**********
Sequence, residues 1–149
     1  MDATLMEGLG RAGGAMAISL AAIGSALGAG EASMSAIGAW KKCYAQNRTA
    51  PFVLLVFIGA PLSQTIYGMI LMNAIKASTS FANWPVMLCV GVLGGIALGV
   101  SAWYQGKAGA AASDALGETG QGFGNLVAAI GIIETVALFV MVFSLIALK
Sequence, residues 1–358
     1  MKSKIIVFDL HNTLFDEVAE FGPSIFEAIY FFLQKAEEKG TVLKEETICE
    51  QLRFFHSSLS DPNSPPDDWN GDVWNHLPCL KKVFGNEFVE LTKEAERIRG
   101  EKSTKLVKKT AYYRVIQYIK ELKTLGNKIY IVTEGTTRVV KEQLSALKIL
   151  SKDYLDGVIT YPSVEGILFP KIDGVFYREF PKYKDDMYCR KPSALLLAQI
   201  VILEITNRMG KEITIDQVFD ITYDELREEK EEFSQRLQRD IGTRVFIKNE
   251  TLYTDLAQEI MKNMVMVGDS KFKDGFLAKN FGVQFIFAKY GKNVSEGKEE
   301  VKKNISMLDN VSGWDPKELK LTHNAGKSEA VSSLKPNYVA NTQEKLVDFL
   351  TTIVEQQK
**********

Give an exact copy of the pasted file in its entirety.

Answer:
Sequence, residues 1–149
     1  MDATLMEGLG RAGGAMAISL AAIGSALGAG EASMSAIGAW KKCYAQNRTA
    51  PFVLLVFIGA PLSQTIYGMI LMNAIKASTS FANWPVMLCV GVLGGIALGV
   101  SAWYQGKAGA AASDALGETG QGFGNLVAAI GIIETVALFV MVFSLIALK
Sequence, residues 1–358
     1  MKSKIIVFDL HNTLFDEVAE FGPSIFEAIY FFLQKAEEKG TVLKEETICE
    51  QLRFFHSSLS DPNSPPDDWN GDVWNHLPCL KKVFGNEFVE LTKEAERIRG
   101  EKSTKLVKKT AYYRVIQYIK ELKTLGNKIY IVTEGTTRVV KEQLSALKIL
   151  SKDYLDGVIT YPSVEGILFP KIDGVFYREF PKYKDDMYCR KPSALLLAQI
   201  VILEITNRMG KEITIDQVFD ITYDELREEK EEFSQRLQRD IGTRVFIKNE
   251  TLYTDLAQEI MKNMVMVGDS KFKDGFLAKN FGVQFIFAKY GKNVSEGKEE
   301  VKKNISMLDN VSGWDPKELK LTHNAGKSEA VSSLKPNYVA NTQEKLVDFL
   351  TTIVEQQK